In the icy Northern Wastes, a mighty army of darkness prepares to sweep southward and lay waste to the civilised lands of the Empire. In this dangerous time, retired Imperial general Kaspar von Velten is sent to Kislev as ambassador to the court of Tsarina Katarin. Unused to the power struggles and politics at court, Kaspar is forced to use all the skills and resources at his command in order to survive in this cold and hostile land. As winter draws in, can Kaspar re-forge the fragile alliance between the Empire and Kislev and prepare its troops for war before the hordes of Chaos are unleashed on the land? This great value omnibus contains the two novel The Ambassador and Ursun’s Teeth.
The Ambassador Omnibus is a two part Warhammer story set in the cold, eastern land of Kislev, full of intrigue, scheming, blackmail and, of course, battles. Because let’s not forget, the Black Library novels are set in the world of Warhammer Fantasy Battles. Part of the idea behind writing the Ambassador books was that I fancied a break from the hack and slash of the 41st Millennium to see if I could write stories where the suspension of disbelief wasn’t so great, where there was a more obvious connection to the kinds of characters we’d meet in a fantasy novel. Writing stories set in the dark, gothic worlds of the far future is great, but its easy to fall into the trap of thinking that your characters don’t need to act believably simply because they live in the most insane universe imaginable. I wanted to write a story set in a world which, though fantastical, was much more accessible to the reader, where recognisable human characters could exist – and to see if I could write them in a believable way.
My first steps along the road that led me to writing a fantasy novel began with the purchase of the Fighting Fantasy book, ‘The Warlock of Firetop Mountain’, a dog-eared copy of which still sits on my bookshelf as a fond, nostalgic reminder of more innocent times, when all we wanted out of a fantasy book was to kick open the door, kill the goblin and steal his 10gp. Of course it wasn’t as simple as that, but we’ve all grown up a little since then and now we want something with a little more meat to it. The times where the heroes wore white hats and the bad guys wore black hats are behind us and we know now that people can’t be defined so simply. Good people are capable of terrible acts and those we think of as evil can surprise us with acts of great heroism. I wanted to challenge what we thought we knew about the characters, to invest in flawed heroes who face uncertain choices in a dangerous world. I wanted the reader to cheer for heroes with all-too-human weaknesses and see if we’ll still embrace them if they fail, because I don’t believe that to portray them as flawed creations weakens them, it strengthens them.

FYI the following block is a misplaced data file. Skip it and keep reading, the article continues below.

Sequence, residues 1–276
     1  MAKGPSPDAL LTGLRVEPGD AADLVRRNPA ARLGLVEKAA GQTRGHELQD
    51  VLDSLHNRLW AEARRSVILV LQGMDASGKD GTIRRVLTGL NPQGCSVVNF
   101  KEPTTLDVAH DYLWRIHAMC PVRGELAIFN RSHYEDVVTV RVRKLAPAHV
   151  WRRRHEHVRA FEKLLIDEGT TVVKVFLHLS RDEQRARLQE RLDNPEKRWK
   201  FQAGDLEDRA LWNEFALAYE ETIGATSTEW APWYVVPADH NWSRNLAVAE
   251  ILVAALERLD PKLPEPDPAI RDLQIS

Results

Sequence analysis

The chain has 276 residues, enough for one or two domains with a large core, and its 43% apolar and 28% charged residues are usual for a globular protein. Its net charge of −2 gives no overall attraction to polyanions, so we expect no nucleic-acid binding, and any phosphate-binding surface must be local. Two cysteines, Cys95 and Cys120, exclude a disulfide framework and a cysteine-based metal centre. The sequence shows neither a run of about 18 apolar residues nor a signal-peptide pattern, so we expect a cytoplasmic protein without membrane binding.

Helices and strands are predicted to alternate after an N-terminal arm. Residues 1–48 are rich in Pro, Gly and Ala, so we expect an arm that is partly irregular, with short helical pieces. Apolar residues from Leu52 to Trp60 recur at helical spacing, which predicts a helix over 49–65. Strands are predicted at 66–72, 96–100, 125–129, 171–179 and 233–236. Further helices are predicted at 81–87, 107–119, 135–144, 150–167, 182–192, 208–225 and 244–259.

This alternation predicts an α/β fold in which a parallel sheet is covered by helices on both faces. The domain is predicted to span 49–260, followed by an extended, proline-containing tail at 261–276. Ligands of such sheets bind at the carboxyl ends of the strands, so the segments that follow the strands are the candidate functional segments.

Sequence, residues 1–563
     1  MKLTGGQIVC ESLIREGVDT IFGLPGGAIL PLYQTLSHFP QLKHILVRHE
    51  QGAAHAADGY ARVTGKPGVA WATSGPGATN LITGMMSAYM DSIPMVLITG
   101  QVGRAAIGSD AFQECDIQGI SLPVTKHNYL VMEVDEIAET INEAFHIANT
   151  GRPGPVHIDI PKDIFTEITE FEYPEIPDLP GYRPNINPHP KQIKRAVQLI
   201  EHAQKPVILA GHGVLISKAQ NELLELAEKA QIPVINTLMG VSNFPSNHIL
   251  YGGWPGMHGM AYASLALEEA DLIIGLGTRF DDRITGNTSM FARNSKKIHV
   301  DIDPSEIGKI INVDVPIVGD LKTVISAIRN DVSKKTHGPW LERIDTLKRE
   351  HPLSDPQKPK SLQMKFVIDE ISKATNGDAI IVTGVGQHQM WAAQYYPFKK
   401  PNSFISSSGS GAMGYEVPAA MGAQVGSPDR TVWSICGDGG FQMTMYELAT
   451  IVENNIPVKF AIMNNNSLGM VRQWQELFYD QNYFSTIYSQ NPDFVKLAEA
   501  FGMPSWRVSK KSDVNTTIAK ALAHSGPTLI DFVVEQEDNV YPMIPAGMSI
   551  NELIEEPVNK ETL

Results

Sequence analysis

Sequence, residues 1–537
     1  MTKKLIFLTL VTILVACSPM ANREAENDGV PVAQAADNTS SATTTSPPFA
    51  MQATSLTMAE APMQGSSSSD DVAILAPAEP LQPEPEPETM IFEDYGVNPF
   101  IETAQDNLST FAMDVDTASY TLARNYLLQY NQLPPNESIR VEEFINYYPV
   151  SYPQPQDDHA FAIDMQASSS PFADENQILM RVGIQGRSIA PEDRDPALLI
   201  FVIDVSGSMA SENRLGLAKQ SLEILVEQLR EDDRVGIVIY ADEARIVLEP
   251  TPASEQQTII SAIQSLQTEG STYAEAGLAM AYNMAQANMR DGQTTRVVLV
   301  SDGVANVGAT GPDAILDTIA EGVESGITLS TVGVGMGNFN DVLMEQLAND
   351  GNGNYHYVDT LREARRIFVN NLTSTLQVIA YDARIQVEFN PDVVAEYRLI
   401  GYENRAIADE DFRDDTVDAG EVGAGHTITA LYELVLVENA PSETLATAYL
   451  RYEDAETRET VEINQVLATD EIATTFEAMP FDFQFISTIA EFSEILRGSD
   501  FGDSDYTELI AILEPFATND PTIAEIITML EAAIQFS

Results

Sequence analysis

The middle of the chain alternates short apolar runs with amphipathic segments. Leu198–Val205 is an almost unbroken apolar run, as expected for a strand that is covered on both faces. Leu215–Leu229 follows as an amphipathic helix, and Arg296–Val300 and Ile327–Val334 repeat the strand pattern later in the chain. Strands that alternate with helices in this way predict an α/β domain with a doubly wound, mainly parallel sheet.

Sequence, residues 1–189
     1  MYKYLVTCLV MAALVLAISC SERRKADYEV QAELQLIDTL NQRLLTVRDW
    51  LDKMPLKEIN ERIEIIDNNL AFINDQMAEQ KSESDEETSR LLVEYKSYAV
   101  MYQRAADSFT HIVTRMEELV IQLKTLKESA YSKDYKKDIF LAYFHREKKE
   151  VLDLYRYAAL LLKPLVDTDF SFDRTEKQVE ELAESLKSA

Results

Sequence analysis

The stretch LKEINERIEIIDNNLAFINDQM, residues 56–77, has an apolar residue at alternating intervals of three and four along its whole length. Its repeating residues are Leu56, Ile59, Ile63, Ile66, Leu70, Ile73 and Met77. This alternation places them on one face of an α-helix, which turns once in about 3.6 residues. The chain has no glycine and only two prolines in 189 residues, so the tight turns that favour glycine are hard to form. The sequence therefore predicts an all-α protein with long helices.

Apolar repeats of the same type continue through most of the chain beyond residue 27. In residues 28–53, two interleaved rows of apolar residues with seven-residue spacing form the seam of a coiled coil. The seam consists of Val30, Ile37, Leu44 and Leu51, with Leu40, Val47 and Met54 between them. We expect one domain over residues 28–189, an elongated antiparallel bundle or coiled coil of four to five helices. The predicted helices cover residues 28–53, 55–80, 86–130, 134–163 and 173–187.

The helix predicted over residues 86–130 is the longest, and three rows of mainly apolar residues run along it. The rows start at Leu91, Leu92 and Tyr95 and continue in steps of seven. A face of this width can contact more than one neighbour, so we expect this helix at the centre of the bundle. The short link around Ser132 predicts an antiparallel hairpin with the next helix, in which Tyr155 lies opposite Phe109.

Out of all this weighty pontificating came the characters of Kaspar von Velten and Sasha Kajetan, who, once you’ve read the two books, represent the culmination of that thinking. To an extent they all do, because I wanted to turn the dynamic of most of the characters around from what you expected. The relationship between Kaspar and Pavel develops beyond the usual ‘hero and sidekick’. The relationship between Chekatilo and Kaspar also changes to become more than just protagonist/antagonist. This all sounds pretty grand, but don’t get me wrong, I’m not trying to write Great Literature that kids will be forced to read in school, I want to tell a ripping yarn with good characters, interesting plots, a truckload of battles and to really bring home the dark, twisted world that is Warhammer.
These were fun books to write, though they were almost just the one book. When planning the book out with the Black Library, it became abundantly clear that there was more plot than could be squeezed into one novel and, rather than cutting out loads of bits to get it all to fit in, I decided to write two books, back to back, in a Matrix kind of way (though hopefully without the disappointment factor the sequels to that movie engendered). The plan was to finish The Ambassador then plunge straight into Ursun’s Teeth. Of course ‘the best-laid schemes o’ mice an men gang aft agley’ and that didn’t quite happen, with me taking a rather too long break between finishing one book and starting the next. But deadlines have a wonderful habit of focusing the mind when they are set to drop on you like a lead weight, and Ursun’s Teeth was written in a flurry of stabbing at the keyboard, late nights and enough coffee to keep the Columbian economy afloat for years to come.
Once they were finished, and I read the manuscript in its entirety, I saw that they veered towards a darkness that almost went too far in some parts. But as anyone who’s ever read any of my books can probably testify, they all take that road for a little while. Bits of the book shocked and horrified me – and I wrote them! – but I didn’t ever feel that they were gratuitous. If I’d felt that, I’d have cut them out. Upon publication, the books got some pretty good word of mouth and seemed to sell well enough (helped immeasurably by stunning Paul Dainton cover art). I’m very proud of them and my first foray into fantasy proved to be an overwhelmingly positive experience for me.